As a young kid there was only one thing better than walking down to Weaver’s pond and swimming on a hot afternoon. On the way back to Grandfather’s it was going by his bee hives. These were old bee hives made out of hollowed logs with the tops covered with old oak planks. They were always loaded with honey and the bees were always busy working to make more. Ududu (grandfather) had been tending these hives for as long as I could remember.
I would stop at one of the hives, remove the rock that held the planks on the top,
take a long stick and poke it down into the hive. When I removed the stick it would be covered and dripping with delicious fresh honey. I did this almost every day. I may have just been a kid but I was smart enough to make sure ududu was no where around. My sweet tooth got so bad (greed) that I took one of Ulisi (grandmother) silver spoons and hid it by one of the hives. You can get more honey with a big spoon then you can with a stick. The bees never seemed to bother me and tolerated this invasion.
They say all good things must come to an end. My attacks on the bee hives finally came to a terrible end. One hot summer day as I lifted the planks to get several spoons of honey, apparently I caught them in a bad mood.
By the time I had run to the back door I had already been stung about twelve times. Fortunately or unfortunately, depends on how one looked at it, Ududu was sitting on the back steps stripping some willow branches.
Still swatting at honey bees I sat down next to Ududu and tried not to cry out in pain.
Ududu continued stripping the willow branches in silence, not even giving me a second glance. As the tears began to roll down my face and the red welts began to grow larger, he finally spoke.
“Usdi Duya, have you been in my bee hives again”? He rose from the steps and walked over to where he had some special tsola (tobacco) growing.
I sat there wiping away the tears trying to figure out how to get out of the trouble I knew I was in. How did he know I had been robbing the hives? I respected Ududu to much to even consider telling an untruth. I was raised not to lie, that was the Tsalagi way. One only spoke truth.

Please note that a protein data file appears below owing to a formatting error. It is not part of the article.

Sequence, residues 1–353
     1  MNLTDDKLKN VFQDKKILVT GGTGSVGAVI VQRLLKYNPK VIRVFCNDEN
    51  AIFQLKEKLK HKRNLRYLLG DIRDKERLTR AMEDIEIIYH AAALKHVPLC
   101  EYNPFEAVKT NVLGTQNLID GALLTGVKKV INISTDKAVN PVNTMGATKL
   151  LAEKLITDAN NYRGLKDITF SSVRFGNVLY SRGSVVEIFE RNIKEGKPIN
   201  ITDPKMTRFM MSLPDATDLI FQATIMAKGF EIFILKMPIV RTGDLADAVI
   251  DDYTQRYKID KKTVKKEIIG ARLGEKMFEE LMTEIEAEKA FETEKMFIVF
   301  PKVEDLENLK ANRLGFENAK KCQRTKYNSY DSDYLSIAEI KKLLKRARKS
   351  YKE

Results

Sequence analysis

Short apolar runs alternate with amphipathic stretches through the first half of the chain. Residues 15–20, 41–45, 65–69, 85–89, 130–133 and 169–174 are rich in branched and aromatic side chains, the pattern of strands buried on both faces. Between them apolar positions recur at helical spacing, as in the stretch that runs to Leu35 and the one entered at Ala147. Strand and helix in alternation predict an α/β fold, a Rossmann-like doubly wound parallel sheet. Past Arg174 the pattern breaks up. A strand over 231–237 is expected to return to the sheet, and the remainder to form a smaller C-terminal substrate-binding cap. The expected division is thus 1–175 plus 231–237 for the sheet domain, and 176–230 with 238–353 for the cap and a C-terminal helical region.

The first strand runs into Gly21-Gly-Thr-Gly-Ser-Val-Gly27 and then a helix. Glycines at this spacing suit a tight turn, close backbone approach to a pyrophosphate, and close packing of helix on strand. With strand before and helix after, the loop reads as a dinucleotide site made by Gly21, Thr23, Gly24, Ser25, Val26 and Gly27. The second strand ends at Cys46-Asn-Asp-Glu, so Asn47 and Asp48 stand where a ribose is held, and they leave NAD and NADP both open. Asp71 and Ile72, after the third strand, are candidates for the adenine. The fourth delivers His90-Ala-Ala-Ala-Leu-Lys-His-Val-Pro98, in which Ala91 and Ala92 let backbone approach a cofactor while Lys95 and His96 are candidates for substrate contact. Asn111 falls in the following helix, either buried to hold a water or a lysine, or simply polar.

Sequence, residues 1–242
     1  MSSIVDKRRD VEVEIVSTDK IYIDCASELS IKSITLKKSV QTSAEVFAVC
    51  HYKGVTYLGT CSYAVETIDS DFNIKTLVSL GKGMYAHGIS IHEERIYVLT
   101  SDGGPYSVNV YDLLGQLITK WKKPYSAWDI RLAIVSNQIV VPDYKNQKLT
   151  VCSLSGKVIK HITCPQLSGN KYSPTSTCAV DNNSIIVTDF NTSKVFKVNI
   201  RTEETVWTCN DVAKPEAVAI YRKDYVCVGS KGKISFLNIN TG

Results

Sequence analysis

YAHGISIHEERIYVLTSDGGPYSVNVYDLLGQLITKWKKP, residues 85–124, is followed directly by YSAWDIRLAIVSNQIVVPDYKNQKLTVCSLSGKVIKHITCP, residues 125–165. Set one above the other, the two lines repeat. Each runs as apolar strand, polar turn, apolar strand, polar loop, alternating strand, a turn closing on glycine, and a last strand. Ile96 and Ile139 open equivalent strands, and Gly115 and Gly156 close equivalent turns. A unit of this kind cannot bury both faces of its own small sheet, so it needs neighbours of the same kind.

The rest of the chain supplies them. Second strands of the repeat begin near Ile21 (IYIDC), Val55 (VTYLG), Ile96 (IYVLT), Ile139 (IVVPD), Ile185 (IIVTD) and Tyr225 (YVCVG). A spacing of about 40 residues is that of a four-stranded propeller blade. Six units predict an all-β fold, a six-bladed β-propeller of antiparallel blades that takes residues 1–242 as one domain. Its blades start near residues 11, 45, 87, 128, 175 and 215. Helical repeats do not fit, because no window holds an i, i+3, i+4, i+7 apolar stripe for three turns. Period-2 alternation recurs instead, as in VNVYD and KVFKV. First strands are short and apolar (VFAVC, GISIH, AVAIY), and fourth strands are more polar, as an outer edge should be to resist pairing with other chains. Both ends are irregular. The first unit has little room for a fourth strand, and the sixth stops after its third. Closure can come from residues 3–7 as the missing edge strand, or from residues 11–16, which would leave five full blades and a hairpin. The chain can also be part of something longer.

He returned chewing a big mouth of tsola and sat back down and said,
“A question usually requires an answer. “ His voice was stern but not angry.
“Yes Ududu, I have been in your hives,” I said. As I said those words I could feel the shame in my voice.
Ududu turned to me and spit out the chewed tsola into his weathered hand.
He began smearing the chewed tsola on the bee stings. The red welts began to become smaller and the pain eased.
I looked at Ududu and said, “I am sorry, I did not ask permission of the bees before I took their honey. I am sorry that I did not ask your permission. I don’t understand why the Ulnelanvhi (Creator) gave a little insect such a hurtful stinger.”
Ududu reached over and picked up his Mason jar of iced tea, offered me a drink, then took a big drink himself and put the lid back on it and sat it down.
He leaned back and stretched out his legs and let out a sigh.
“Usdi Duya, In the long ago times when Turtle Island was still new and the people were more pure and could talk with the animals and the Unelanvhi (Creator) would visit with them, the people asked the Unelanvhi for something that was uganasdv (sweet) to the taste. So the Unelanvhi sent the wadulisi (bee), but the wadulisi had no stinger. The wadulisi found a suitable tree in which they could build their hive. A place to live in and produce honey, multiply and feed its young. Soon the people came to the wadulisi and asked for some of the sweet syrup and the wadulisi gave each person a atlisdodi (bowl) full. The people loved the syrup and greedily ate it, then went back to the wadulisi for more.